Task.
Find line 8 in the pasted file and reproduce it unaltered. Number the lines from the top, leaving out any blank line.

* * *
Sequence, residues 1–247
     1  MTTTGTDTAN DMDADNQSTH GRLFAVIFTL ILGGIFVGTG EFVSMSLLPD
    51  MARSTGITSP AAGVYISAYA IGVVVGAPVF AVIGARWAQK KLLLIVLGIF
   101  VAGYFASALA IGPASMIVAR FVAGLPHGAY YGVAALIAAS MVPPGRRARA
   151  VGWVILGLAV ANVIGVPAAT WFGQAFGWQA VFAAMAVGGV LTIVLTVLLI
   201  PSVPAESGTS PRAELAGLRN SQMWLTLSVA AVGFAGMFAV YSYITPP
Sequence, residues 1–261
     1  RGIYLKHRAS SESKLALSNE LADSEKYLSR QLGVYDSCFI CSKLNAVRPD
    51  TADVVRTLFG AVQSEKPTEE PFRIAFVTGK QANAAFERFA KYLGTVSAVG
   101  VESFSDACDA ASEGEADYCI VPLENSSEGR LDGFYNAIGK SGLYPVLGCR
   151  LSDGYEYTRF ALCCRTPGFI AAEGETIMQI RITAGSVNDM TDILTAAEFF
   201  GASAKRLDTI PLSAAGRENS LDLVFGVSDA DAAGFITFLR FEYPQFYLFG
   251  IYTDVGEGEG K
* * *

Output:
     1  RGIYLKHRAS SESKLALSNE LADSEKYLSR QLGVYDSCFI CSKLNAVRPD